Google Stadia has finally arrived to iOS officially that was limited to browser

They announced it a month ago and it is finally official, Google Stadia is now available on the iOS devices iPhone and iPad. Not in the way that Google would like, due to Apple’s limitations and its standards with the App Store, the streaming video game service has had to be implemented through an app in the browser and not with a native app.

One year after the official launch on Android, Google Stadia finally makes its debut on Apple mobile devices as well. Any user of Google Stadia in its free or paid version with Stadia Pro will be able to access the game library and especially play from an iPhone or iPad.

The free version of Google Stadia offers games totally free and without restrictions. At the moment ‘Destiny 2’ and ‘Super Bomberman R’ are included, surely we will see more in the future. Beyond the limited catalog, this free version offers anyone the opportunity to test Google Stadia in the browser with just having a Google account and without major complications. Ideal to check how the gameplay is before jumping to the payment plan.

The web application works without apparent problems, as long as we take into account that it is a browser and a touch device. Although it is advisable to bet on an external console control, it is also viable to use touch controls. The other requirement, of course, is to have a good Internet connection since they are games that are literally played in streaming.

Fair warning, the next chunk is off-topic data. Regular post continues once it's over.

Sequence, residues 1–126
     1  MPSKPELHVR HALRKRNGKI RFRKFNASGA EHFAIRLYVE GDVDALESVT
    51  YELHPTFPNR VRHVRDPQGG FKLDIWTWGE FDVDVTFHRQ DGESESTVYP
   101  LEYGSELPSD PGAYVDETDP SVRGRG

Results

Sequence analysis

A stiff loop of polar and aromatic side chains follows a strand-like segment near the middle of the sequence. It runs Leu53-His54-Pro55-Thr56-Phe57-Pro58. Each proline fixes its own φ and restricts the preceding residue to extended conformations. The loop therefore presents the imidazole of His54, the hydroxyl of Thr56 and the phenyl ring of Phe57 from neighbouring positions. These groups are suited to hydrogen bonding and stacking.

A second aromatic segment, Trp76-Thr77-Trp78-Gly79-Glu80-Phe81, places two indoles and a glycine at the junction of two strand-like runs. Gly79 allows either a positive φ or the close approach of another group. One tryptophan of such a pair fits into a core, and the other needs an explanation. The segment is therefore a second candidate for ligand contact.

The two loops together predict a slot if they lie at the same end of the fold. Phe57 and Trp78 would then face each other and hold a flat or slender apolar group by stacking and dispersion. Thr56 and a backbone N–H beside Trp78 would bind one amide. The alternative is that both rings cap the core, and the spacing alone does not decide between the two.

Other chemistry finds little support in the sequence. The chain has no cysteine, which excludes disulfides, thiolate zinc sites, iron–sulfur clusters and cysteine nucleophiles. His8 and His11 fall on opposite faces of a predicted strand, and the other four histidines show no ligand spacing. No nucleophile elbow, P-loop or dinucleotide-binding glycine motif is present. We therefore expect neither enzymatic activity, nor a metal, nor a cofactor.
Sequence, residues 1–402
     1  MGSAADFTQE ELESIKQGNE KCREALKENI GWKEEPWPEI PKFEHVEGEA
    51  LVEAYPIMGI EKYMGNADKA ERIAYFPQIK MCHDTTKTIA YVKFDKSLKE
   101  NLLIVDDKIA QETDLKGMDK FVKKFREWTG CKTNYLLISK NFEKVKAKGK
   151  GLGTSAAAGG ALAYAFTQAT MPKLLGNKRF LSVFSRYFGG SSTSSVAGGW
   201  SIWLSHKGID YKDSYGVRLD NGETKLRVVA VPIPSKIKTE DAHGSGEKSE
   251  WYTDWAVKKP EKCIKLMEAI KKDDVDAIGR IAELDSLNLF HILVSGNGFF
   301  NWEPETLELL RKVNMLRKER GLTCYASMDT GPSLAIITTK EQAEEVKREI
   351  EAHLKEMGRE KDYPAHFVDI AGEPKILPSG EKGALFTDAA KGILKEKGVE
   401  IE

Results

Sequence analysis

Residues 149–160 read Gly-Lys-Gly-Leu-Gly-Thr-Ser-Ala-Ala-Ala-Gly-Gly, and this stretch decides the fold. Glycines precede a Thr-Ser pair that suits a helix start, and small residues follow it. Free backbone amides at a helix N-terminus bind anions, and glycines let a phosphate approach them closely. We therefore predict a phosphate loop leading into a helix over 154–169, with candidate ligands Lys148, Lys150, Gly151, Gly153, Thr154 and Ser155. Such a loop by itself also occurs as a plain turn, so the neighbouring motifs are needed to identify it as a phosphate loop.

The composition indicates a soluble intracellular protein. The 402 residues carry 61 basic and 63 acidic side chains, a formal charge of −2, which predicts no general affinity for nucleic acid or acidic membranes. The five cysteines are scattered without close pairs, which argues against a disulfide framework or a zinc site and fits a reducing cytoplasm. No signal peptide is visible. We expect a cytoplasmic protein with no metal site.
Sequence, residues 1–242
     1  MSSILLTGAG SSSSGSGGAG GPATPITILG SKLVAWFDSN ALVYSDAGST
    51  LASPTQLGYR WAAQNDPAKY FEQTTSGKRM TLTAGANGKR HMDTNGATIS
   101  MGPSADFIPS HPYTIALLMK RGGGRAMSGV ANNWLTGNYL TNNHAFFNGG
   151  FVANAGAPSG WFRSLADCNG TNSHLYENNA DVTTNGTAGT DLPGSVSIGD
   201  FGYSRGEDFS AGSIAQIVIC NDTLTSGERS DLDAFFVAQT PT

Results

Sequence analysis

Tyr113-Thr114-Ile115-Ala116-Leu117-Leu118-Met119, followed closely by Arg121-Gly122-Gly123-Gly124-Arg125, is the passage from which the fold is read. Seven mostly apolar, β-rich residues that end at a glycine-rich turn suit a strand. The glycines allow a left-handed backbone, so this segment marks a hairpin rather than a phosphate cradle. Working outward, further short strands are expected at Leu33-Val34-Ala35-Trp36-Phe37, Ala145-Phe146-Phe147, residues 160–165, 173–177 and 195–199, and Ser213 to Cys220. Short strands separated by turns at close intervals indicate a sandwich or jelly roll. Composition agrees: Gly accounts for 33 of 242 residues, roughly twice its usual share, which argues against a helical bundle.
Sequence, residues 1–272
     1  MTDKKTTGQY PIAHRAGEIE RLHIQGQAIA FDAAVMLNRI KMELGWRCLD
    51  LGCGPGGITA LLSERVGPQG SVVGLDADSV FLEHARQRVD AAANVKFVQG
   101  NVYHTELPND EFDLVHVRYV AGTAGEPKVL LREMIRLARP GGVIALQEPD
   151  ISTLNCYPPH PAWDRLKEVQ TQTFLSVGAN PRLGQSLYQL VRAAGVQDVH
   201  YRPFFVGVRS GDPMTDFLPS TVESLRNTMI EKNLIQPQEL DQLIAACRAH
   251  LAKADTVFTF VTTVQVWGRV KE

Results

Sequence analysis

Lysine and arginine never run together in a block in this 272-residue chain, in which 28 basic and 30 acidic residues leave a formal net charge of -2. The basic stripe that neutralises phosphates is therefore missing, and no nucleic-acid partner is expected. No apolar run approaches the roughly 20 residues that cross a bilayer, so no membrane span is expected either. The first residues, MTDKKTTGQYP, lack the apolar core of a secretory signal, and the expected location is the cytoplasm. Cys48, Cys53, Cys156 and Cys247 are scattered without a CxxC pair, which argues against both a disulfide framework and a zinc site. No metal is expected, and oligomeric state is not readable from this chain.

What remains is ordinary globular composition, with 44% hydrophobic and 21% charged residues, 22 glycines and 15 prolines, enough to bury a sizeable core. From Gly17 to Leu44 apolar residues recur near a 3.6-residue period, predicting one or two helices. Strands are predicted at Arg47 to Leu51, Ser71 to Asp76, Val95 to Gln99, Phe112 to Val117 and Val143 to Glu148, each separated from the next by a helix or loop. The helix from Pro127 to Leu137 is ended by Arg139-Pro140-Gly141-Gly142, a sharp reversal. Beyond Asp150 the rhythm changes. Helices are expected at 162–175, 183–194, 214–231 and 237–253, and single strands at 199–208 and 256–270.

As it is not an app but a web app in the browser, it is not accessed directly but through the browser (Safari, Chrome or whatever). However, it is possible to create a shortcut on the home screen that places an icon similar to that of apps. To do this you have to go to the Safari share menu with the Stadia website open and select “Add to home screen”. With this we will have the Stadia icon and its name along with the rest of the apps.

Google Stadia faced with restrictive stores, Progresive Web Apps for iOS

These browser complications are not due to anything other than Apple’s App Store policies when publishing games and applications. The rules specifically state that it is not possible to distribute applications that offer remote access to other games or apps that run in the cloud. The reason for Apple is that they cannot control the content in these games (sexual, violent or any other kind), thus being able to violate the rest of their rules.

However, there is no control over the Internet and the doors that a browser opens. Google has followed the same steps that we have seen in Microsoft xCloud , NVIDIA GeForce and Amazon Luna. Of course, Apple says that in reality the services may be available, but with their conditions.

Via | Google

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